The Utah School Boards Association's recent decision to pull out of the Utah Education Coordinating Council has stunned state education officials and is seen as further widening the rift between local school boards and State Superintendent James Moss.
The UECC, organized in April 1987, includes representatives from the state PTA, the state school board, teacher unions and associations representing superintendents, counselors, school employees and home-school advocates.The state school boards association decided to withdraw from the council on March 10, during meetings in St. George.
USBA President Celia Archibald, who also is a Weber School Board member, said Friday that her organization voted to withdraw because it believes the council is mostly being used to establish a power and publicity base for Moss.
Archibald said USBA will retain its contacts with other education groups through another organization, Helping Organization for Public Education, which also includes the state school board and the state education office.
HOPE has been in existence for several years and serves the sounding board purpose more effectively, she said.
"It actually does what the state superintendent said the coordinating council would do, but never has," Archibald said. Moss was out of town and unavailable for comment.
But Associate State Superintendent Scott Bean said he is disturbed by USBA's decision because the council "really is a group that involves all the major education players in the state.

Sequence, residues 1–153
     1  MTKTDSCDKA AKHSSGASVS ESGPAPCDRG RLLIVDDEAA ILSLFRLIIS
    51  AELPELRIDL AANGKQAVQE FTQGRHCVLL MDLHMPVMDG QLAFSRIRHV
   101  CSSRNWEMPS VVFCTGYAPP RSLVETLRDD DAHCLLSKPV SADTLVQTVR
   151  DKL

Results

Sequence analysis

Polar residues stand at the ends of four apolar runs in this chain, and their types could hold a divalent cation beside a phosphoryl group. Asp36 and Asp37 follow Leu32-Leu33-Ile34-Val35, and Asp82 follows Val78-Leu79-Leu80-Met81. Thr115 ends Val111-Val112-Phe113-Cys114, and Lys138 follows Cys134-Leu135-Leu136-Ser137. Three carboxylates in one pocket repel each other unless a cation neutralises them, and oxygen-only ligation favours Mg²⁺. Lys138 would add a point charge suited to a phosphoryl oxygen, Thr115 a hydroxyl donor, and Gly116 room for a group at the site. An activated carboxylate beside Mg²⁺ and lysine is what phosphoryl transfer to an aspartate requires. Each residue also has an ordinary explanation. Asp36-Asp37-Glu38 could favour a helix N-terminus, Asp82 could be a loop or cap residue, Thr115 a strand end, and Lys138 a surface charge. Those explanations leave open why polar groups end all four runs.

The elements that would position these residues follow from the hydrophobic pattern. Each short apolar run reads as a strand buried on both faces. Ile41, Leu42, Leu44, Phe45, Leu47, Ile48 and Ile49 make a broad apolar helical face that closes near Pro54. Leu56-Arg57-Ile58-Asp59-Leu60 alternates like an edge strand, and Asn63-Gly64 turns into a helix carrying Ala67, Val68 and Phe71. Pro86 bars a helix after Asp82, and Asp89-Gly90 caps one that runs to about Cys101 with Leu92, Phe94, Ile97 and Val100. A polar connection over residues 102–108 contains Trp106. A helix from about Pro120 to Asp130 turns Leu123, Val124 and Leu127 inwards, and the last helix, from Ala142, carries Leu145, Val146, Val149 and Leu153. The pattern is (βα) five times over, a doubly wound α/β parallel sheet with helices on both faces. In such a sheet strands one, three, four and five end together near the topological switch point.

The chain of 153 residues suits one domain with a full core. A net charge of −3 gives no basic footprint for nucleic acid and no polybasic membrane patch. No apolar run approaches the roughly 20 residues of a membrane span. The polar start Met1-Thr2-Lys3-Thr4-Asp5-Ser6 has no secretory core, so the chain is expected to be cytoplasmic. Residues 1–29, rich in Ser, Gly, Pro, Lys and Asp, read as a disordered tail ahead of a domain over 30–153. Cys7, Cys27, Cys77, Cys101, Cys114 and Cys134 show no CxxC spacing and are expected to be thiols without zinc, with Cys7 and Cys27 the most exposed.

"There is concern," Bean said, "not so much for a domino effect, but in that we want all education organizations involved in the council. We want to continue a very positive partnership with the schools boards association and the other members of the coordinating council."
Archibald cited among reasons for the USBA's withdrawal what the group saw as an "end run" attempted by Moss during the recent legislative session.
"Superintendent Moss tried to use the coordinating council for his vehicle in taking positions," she charged.
She said that toward the end of the session, the coordinating council voted three times not to take a position on a property-tax resolution.
"And the state superintendent was still trying to represent that the education family was in favor of the resolution," Archibald added.
Bean said when Moss returns to Salt Lake City, he likely will try to woo USBA back into the council.
Meanwhile, the USBA membership has voted to invite the state school board for a joint conflict-resolving session that would be arbitrated by a University of Utah professor.
"The real issue is not the personality of the chief executive school officer (Moss)," said Archibald. "That may be a short-term irritant, but it's not the real problem.
"As far as the USBA board is concerned, the problem is that we have not reached common ground on our respective roles," she said.
In a related action, Archibald said, the USBA board also asked its legislative committee to pursue legislation to reorganize the state Board of Education, making it "more accountable to local boards . . . and to the public."